Beer Hiking
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What is Beer Hiking?

hut-to-hut in the Alps

When I tell people about my blogging hobby, it’s not uncommon to hear the response, “What is beer hiking?”  For me, hiking is about so much more than exercise – or a walk in the woods – or getting from point A to point B. It’s really more about the sum of all of the sensory experiences along the way – sights, smells, sounds, textures can all be savored in small bits and connected to the memory of a hike. Newness or familiarity can be another aspect of the memory – a novel experience tends to be memorable although the familiar can also generate a comfortable, warm memory.

on the 13 Brewery Trail

I find that adding a beer into the mix, whether during or after the hike adds yet another layer of sensory experience that isn’t naturally there on a hike.   Beer adds its own set of sights, smells, texture, and tastes.  Often a beer hike also increases prospects for interesting cultural experiences.  That might mean tasting the local style of brew, listening to the music, observing local characters and local customs, and talking both with travelers and locals over a beer.

Albstadt Hike
lunch along the way

For me, a beer hike can take many different forms.  There is the simple ‘enjoy a beer after the hike’.  Another form is the ‘carry beer with on the hike and stop in a beautiful place to enjoy it” approach.  Another approach is to research and complete hikes where there are breweries or other interesting beer-drinking venues along the route.  This last approach (my personal favorite) can either be out in the wild or countryside, or it can take the form of an ‘urban beer hike’ or walk.

Spanish Peaks snack

There really aren’t any rules other than to be safe and have fun.  There is considerable opportunity for creativity in planning the route or hike … and beer always tastes better to me in conjunction with a beer hike.

The best beer in the world is the one you have after a nice hike

author (right) at the end of a hike in Bamberg

Stories and images about beer hikes are a prominent part of Prime Passages and I’m also doing some beer bike rides from time-to-time.  Have a look at some of the stories here.  Hopefully, they’ll inspire you to invent your own beer hikes.   If you do and you want to share your beer hiking experiences with others, there is a public Facebook group called Lovers of Beer, Hiking, and Travel that exists for just that purpose.

With all of that said, beer hiking can certainly be a different thing for different people, though.  So I queried some fellow beer hikers for their perspectives (below) and I hope that readers will contribute their own perspectives as well by commenting on this post.


Rich Carbonara, the Beerwanderer is an American ex-pat living in the Munich area.  He leads hikes in Bavaria and is the author of Beer Hiking Bavaria.

Rich Carbonara

How do you define “beer hiking”?

Beer hiking is any combination of the two you can come up with but for me, it’s using your feet to get to breweries you can’t really get to any other way (well, if you don’t have a car, can’t drive in the country you’re living in, or know better than to drink and drive).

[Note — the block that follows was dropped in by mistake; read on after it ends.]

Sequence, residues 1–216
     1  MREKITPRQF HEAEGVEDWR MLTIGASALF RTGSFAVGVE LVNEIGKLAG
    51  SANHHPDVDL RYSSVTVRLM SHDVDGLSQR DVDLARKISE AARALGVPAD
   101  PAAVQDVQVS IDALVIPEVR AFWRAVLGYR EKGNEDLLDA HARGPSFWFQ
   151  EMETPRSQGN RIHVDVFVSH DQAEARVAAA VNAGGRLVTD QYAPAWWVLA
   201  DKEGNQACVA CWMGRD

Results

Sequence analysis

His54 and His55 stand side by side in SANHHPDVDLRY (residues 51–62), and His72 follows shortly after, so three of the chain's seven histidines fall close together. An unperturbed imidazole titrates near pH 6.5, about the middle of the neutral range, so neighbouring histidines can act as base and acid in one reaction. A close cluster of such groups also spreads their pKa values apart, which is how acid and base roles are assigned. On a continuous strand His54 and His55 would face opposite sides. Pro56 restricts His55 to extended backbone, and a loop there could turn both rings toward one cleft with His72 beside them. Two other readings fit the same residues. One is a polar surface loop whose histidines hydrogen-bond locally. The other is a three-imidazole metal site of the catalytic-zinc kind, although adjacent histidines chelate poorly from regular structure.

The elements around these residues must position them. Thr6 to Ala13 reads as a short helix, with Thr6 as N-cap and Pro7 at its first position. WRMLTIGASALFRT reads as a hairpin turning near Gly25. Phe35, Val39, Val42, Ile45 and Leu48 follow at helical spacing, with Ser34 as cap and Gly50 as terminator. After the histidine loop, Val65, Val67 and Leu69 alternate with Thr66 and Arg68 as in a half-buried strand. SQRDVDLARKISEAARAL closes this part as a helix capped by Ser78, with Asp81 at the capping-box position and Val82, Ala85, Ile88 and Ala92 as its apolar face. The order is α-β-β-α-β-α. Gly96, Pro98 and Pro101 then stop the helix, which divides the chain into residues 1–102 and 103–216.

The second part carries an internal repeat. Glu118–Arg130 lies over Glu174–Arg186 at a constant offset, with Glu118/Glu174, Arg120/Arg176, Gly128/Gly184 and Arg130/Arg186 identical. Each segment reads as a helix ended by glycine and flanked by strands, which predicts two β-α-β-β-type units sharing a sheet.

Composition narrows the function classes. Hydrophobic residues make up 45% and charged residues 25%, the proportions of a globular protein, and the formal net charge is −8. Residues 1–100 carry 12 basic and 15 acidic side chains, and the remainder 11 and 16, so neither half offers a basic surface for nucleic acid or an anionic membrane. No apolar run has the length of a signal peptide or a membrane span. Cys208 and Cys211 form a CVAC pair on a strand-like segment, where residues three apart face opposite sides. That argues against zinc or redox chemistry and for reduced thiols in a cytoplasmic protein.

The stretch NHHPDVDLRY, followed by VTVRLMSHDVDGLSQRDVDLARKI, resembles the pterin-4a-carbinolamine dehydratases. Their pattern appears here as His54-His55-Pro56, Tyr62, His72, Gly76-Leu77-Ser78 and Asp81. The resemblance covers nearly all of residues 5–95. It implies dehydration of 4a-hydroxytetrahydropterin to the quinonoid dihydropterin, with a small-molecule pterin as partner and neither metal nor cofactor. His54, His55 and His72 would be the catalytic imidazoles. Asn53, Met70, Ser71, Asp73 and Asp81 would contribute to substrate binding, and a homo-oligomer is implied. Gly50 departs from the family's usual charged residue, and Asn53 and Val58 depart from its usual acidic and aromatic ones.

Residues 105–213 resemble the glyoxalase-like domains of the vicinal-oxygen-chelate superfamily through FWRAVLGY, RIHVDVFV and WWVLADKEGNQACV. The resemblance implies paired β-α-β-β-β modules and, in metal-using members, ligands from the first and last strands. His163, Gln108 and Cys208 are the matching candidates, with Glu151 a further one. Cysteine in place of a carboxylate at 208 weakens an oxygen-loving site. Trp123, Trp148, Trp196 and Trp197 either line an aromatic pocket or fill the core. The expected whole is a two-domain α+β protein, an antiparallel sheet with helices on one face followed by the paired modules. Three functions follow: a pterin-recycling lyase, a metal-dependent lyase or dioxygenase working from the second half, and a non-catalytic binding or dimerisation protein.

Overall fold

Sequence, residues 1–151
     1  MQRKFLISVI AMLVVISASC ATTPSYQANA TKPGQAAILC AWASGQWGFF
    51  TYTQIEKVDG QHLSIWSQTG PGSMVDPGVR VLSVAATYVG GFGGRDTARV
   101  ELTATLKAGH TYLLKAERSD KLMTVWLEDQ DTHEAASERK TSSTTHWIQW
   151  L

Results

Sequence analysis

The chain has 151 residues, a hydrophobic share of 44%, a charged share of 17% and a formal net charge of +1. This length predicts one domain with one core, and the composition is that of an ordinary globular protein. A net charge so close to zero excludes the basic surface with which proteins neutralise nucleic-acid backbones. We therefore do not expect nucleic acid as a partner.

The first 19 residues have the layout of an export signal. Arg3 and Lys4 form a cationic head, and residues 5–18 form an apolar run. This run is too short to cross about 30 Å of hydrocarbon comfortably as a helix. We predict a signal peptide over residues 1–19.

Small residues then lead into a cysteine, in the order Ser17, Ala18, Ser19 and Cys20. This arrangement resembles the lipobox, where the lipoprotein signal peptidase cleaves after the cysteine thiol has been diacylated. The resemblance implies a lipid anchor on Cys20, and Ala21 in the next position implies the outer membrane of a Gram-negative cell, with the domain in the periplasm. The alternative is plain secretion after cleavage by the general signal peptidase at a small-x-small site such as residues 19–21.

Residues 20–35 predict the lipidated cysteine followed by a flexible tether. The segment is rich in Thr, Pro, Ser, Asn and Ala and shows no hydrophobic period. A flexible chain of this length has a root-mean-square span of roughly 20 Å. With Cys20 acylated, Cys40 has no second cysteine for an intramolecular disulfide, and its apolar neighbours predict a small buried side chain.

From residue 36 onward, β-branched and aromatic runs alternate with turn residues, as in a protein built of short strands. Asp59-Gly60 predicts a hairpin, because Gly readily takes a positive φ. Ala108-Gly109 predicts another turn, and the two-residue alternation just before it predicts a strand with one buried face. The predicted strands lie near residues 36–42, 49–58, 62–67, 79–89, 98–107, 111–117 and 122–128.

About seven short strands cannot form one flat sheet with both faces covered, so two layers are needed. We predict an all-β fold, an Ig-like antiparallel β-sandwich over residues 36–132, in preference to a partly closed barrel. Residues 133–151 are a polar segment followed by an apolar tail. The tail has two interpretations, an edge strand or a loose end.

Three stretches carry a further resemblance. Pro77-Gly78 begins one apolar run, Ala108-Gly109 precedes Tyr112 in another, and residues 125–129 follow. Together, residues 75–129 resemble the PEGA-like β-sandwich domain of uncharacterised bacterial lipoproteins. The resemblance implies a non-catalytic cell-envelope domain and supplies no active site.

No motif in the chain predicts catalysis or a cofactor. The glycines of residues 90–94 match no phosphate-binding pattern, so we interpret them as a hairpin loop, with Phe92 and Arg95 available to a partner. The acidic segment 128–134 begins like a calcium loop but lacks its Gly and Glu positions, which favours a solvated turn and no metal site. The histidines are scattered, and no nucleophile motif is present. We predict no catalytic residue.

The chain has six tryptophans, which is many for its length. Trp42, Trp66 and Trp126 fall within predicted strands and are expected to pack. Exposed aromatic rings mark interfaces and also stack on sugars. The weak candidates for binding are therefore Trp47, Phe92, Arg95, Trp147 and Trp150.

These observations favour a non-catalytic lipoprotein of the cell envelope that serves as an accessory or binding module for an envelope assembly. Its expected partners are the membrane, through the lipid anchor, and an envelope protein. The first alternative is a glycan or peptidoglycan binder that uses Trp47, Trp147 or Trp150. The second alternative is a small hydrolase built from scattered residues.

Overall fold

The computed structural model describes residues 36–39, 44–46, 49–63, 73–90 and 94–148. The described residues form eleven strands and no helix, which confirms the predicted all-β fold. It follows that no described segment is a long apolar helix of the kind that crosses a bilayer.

What would you say is the best beer hike you’ve ever experienced and what, in your mind, made it the best?

The best beer hike is always the next one, the one you haven’t done yet. For sure design and relative ease, it’s tough to beat the Fünf Seidla Steig in central Bavaria.

Crafted Adventure

Melinda Collings authors Crafted Adventure – a blog featuring beer, adventure, and community.

How do you define “beer hiking”?

A beer hike is anytime you get outside hiking and bring along a beer. Pretty simple, right? It can be a mile or ten, as long as you take a few minutes to sit back enjoying nature with a cold beverage in hand!

What would you say is the best beer hike you’ve ever experienced and what, in your mind, made it the best?

The best beer hike I’ve experienced was Cadillac Mountain in Acadia National Park. Not only did we have a beautiful view, but I got to share the experience of a friend’s first beer hike! That’s what really makes a beer hike, sharing with friends.

Beers at the Bottom

Brandon Fralic and Rachel Wood author Beers At The Bottom – a blog exploring the natural relationship between the craft beer community and outdoor recreation.  Based in western Washington state, they have written and published a book called Beer Hiking Pacific Northwest.

Brandon and Rachel

How do you define “beer hiking”?

Simply a day of hiking that ends at a brewery. When pairing trails and breweries we take it a step further, seeking out breweries that have a link to the outdoors community and surrounding environment. Take Kulshan Brewing in our hometown of Bellingham, WA, for example. Named after the local volcano (Koma Kulshan, or Mount Baker) Kulshan Brewing incorporates outdoorsy elements into its taprooms and beer names. We’re quite lucky that so many breweries in the PNW have an outdoor focus, creating taproom spaces that often feel like an extension of the trail. You feel comfortable raising a pint there — even in your grubby hiking clothes!

What would you say is the best beer hike you’ve ever experienced and what, in your mind, made it the best?